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Theft or Fraud Over $5000

The Charge

People charged with the offence of theft or fraud over $5000 are in a serious situation because the Criminal Code no longer permits a jail sentence for these offences to be served conditionally, under house arrest, in the community.  Crown counsel will usually take the position that people charged with significant theft offences should be incarcerated; the greater the theft or fraud is, the more severe the sentence Crown will seek. Additionally, Crown will consider whether there are aggravating factors present – such as a breach of trust, the scope of the offence, or the amount of planning and deception involved. Where the value of theft is over $5000, the maximum sentence for a conviction is up to 10 years in prison; for fraud over $5000, the maximum sentence is 14 years in jail. Because people charged with theft or fraud over $5000 face such serious consequences, it is imperative that they seek the assistance of experienced defence counsel.

The Investigation

Every case is unique, but in the majority of the Theft/Fraud over $5000 cases that we see, our client has been accused of stealing from or defrauding a business associate, an employer or a client. Sometimes the complainant is an insurer. Rather than being confronted by police, it is often the business associate, client or employer that first accuses our client. Because this is not yet a police investigation, the accused person is not entitled to be advised of their right to a lawyer or to remain silent. The suspect in these cases certainly stands a good chance of incriminating themselves while trying to explain what they did. We certainly advise anyone who is being investigated for a theft or fraud over $5000 offence to call our office for advice at the earliest opportunity.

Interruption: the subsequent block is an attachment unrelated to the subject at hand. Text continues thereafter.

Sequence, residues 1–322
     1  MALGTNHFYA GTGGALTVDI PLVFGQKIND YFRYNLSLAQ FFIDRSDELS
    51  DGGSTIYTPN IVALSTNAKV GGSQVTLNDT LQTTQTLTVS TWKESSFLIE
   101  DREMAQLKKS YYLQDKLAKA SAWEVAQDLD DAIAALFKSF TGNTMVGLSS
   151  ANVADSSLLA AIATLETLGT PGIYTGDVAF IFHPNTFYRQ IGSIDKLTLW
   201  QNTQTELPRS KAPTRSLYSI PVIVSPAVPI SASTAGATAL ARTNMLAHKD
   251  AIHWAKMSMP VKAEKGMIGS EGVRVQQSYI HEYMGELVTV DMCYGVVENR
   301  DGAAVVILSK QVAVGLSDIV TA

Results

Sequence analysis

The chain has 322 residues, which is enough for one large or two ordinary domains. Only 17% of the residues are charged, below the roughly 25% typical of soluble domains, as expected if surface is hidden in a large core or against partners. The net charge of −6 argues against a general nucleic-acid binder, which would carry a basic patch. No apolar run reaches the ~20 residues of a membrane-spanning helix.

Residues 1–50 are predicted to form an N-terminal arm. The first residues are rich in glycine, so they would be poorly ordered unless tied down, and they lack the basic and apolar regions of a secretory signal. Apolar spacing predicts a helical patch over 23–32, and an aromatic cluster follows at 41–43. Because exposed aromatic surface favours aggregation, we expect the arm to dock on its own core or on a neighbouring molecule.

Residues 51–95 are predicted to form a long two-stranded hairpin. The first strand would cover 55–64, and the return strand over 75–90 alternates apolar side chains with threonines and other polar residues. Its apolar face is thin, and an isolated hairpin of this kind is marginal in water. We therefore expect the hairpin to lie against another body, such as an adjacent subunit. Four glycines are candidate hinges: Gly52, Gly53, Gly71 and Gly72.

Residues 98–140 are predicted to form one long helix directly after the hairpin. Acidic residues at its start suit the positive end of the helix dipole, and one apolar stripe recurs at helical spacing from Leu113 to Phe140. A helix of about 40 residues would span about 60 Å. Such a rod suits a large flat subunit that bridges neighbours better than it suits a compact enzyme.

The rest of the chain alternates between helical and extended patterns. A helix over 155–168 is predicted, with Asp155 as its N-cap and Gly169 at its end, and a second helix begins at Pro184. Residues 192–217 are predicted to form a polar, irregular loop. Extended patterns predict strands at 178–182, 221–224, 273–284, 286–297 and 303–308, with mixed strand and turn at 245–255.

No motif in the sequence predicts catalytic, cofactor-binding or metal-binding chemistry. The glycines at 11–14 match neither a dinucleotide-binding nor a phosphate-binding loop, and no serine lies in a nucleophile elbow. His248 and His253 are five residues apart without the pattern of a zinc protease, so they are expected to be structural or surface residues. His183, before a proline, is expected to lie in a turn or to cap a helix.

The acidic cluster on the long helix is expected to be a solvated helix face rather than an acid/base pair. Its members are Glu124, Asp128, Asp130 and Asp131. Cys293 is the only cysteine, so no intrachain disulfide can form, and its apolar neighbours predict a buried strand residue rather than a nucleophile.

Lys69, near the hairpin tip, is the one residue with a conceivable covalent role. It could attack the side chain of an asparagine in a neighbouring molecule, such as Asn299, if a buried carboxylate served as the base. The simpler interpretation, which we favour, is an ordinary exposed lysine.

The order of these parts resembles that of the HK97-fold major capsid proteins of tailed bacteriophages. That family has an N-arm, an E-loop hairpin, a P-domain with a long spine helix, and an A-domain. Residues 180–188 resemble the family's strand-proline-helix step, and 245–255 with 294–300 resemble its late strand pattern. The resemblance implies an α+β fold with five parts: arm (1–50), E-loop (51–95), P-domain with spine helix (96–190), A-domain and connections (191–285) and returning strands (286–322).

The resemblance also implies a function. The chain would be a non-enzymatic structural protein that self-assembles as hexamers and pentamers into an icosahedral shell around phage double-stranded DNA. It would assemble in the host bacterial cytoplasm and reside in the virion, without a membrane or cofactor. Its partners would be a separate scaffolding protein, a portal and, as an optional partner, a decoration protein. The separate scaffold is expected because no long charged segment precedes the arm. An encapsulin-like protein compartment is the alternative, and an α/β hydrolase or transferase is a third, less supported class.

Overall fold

A person being investigated for theft or fraud over $5000 usually faces the prospect of both criminal charges and a civil action for recovery of the misappropriated funds. Where civil repayment is possible, we will attempt to settle the matter promptly with the goal of avoiding a criminal prosecution. Where clients are charged criminally, our goal is to negotiate a quick release from police custody and, where necessary, to obtain our client’s release from custody in court at a show cause (bail) hearing.

Recent Successes

R. vs. V.B. – Vancouver Provincial Court

.Charges: Assault; Uttering Threats (domestic).
Issue: Given the rehabilitative steps we were able to guide our client through, whether it was in the public interest to proceed with the criminal prosecution.
Result: Mr. Gauthier was able to provide information to Crown counsel on our client's behalf which resulted in Crown deciding to enterr a stay of proceedings on both charges. Stay of proceedings. No criminal record.

R. vs. T.C.C. – Richmond Provincial Court

Charges: Assault of a Peace Officer.
Issue: Whether it was in the public interest for our client to be granted a discharge for his actions in spitting in the face of an RCMP officer at the Vancouver Airport.
Result: Mr. Gauthier presented information to the Court and after hearing his submissions, the Court granted our client a conditional discharge. No criminal record.